Most of us grew up believing milk was essential for strong bones and healthy teeth.  This is partly true.  A mother’s milk is perfectly designed for baby humans.  Our pre-agricultural ancestors breastfed children to around three to four years of age, at which point the child could eat fruit and vegetables.

Cow’s milk is also perfect for babies – baby cows that is.  Human beings are the only mammal to drink milk after weaning, and indeed the only one to drink the milk or eat milk-based products of other species.  One key fact that shows we are not designed to consume cow’s milk is that 65% of humans are lactose intolerant (a decreased ability to digest lactose, a sugar found in dairy).

Milk is neither natural nor healthy for human consumption for the following reasons:

Hormones galore

A typical glass of milk or portion of cheese contains 35 hormones and 11 growth factors, including IGF-1 (see below), oestrogen, and progesterone, adrenal, and pituitary.  This is because two-thirds of milk is taken from pregnant cows, and the rest is derived from those who have recently given birth.

Pus

Sorry to gross you out, but intensive dairy farming means around a third of British dairy cows have mastitis at any one time.  The pus which results from this painful infection often makes its way into the milk we drink.  Selling milk containing up to 400 million pus cells per litre is perfectly legal.

Weak bones

Yes, you read that right.  Countries that have the highest levels of dairy consumption, including New Zealand, the United States, and those in Northern Europe also have the highest rates of osteoporosis.  The World Health Organisation (WHO) says:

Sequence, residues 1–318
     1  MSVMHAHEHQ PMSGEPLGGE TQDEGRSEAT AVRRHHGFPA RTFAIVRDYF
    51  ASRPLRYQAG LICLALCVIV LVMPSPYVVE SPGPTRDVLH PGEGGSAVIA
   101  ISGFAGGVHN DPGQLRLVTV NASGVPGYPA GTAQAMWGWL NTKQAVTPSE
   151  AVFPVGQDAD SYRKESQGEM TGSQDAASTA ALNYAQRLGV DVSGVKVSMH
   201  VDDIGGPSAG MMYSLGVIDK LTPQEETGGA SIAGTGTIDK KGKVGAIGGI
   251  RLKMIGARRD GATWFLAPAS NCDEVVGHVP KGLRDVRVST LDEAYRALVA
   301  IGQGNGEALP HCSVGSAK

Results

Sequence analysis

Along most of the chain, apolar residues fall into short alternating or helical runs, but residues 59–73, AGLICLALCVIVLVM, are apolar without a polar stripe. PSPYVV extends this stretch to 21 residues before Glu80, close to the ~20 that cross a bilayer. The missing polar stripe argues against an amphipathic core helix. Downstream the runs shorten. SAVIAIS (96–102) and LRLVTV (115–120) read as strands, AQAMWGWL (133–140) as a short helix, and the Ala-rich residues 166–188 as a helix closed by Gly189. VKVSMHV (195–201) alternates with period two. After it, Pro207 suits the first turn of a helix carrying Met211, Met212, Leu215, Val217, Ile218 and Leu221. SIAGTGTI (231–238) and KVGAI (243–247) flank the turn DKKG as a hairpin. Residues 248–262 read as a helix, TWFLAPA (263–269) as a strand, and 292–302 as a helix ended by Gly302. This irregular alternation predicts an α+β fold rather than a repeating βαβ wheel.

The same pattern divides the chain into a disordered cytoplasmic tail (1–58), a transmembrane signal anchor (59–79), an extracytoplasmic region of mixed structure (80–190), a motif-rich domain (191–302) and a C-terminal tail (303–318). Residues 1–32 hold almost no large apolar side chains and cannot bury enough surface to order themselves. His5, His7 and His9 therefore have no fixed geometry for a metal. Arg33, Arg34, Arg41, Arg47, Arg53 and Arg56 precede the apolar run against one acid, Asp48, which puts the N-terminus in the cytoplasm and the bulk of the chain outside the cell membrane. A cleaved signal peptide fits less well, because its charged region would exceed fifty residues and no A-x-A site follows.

“The paradox clearly calls for an explanation.  To date, the accumulated data indicates that the adverse effect of protein, in particular animal (but not vegetable) protein, might outweigh the positive effect of calcium intake on calcium balance”.

The best way to protect your bones is to partake in impact exercise such as running and lift weights.  Nutritional sources of calcium include fruit, vegetables, wholegrains, and nuts.  To aid absorption, take a vitamin D supplement, especially during the winter months.

Increased IGF-1

High consumption of dairy products is linked with raised levels of IGF-1.  This stands for Insulin Growth Factor – 1 and controls the growth and development of both cows and people.  It may be that the compounds in cow’s milk lead to an increase in the production of our own IGF-1, which in turn can increase the risk of prostate and breast cancer in Westernised countries.

Final words

Increasing evidence shows that dairy consumption is not only unnecessary, but it may also harm human health.  A well-balanced vegan diet, along with B12 and vitamin D supplements provides all the nutrition adults and children need for health and wellbeing.  And ditching dairy has never been easier, with supermarkets and other suppliers providing a range of plant-based alternatives to dairy, such as almond and oat milk, vegan cheese, and dairy free butter.